The late 1960s was a period of unrest on college campuses across the nation. Passions reached fever pitch when the war in Southeast Asia was extended to Cambodia in April 1970. This move was the immediate cause of student protests at Kent State which on May 4, 1970, led to the death of four students and the wounding of nine more by the Ohio National Guard.
News of these shootings provoked an outpouring of grief and outrage on campuses nationwide. Baruch College, long reputed to be “cool” to the ferment happening elsewhere, found itself uncharacteristically in the middle of a serious class boycott at the time — brought on, among other things, by an increase in student fees. Sit ins, picketing, and rallies had rapidly become the common phenomena of everyday Baruch College life. The tone was “militant, cheerful, and legal.” Indeed, many of the students’ issues were supported by the faculty and administration of the college.
The dire news from Kent State put an end to this boycott. A memorial service was organized for Wednesday, May 6, 1970, with the participation of students, faculty and administration.
It is this memorial service together with the other events at Baruch College all related as immediate reactions to the shootings at Kent State that form the focus of this exhibit. The service itself lasted an hour and a half. Every seat was taken and people were standing up and lining the aisles. Following the service, there was a silent march outside the college’s main building at Lexington Avenue and 23rd Street. Baruch students also participated in rallies citywide at Washington and Union squares. New York City public schools were closed on Thursday, May 7, and Friday, May 8. Baruch College, like all of CUNY, while officially open saw scarce attendance on these final two days of the week. Four Baruch students throughout these days sat in vigil with candles to commemorate their dead and wounded peers.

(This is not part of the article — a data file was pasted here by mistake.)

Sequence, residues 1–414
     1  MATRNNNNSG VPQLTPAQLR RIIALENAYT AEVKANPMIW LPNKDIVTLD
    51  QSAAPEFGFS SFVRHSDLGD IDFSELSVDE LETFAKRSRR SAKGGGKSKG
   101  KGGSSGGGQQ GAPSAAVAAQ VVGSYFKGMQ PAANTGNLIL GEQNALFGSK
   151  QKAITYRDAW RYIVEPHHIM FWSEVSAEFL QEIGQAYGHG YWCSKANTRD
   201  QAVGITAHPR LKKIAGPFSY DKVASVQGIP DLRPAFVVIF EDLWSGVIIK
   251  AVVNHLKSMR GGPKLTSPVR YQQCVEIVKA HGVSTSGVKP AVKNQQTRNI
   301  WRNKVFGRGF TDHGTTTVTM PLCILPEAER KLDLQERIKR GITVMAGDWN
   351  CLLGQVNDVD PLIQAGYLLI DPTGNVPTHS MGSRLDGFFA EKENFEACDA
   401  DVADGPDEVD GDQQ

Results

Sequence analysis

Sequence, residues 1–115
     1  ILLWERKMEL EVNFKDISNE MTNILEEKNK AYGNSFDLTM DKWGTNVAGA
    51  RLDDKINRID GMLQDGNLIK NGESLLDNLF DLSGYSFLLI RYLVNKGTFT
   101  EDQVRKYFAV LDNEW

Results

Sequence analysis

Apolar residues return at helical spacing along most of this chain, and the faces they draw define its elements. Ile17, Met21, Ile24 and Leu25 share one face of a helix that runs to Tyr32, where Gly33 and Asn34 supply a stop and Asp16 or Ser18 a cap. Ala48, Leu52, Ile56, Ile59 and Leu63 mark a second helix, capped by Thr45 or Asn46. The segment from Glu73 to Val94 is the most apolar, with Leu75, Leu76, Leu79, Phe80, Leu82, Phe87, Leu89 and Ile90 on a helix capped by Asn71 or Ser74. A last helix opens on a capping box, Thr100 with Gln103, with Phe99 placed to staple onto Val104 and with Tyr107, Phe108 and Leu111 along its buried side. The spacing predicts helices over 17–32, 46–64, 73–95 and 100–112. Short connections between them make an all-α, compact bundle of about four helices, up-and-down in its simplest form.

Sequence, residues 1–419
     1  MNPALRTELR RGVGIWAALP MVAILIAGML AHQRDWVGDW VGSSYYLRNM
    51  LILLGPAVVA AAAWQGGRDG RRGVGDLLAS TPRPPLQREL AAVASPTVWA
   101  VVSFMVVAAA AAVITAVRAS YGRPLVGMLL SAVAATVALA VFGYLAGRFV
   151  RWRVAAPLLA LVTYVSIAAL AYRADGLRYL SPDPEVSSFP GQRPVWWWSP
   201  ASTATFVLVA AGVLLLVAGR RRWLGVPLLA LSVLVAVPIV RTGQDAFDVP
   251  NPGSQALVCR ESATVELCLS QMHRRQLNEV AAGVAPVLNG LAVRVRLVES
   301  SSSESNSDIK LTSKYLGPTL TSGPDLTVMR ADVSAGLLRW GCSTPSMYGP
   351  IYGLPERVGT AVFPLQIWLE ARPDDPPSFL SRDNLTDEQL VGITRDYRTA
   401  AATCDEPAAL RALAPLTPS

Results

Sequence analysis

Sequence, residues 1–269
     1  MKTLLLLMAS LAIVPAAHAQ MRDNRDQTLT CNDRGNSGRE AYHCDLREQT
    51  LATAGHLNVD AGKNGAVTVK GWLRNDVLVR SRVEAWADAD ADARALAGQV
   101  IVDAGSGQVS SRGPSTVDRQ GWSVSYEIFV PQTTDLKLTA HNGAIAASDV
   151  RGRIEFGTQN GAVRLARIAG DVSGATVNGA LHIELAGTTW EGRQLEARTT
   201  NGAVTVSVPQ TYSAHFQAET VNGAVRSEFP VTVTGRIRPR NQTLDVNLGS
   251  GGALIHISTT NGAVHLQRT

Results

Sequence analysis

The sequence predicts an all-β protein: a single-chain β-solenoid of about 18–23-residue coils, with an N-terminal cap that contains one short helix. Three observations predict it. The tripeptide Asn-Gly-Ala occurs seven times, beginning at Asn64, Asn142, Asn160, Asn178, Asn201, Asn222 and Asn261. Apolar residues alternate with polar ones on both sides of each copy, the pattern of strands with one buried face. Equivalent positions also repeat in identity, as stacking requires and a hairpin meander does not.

All the materials that portray the events at Baruch come from the Baruch College Archives (Prof. Sandra Roff, archivist). They are being made available because they may help to illustrate what often is hard for us, separated by many years from the events, to understand, namely, the high degree of emotion, disquiet, and genuine unease for the future felt, understandably, by so many people at the time.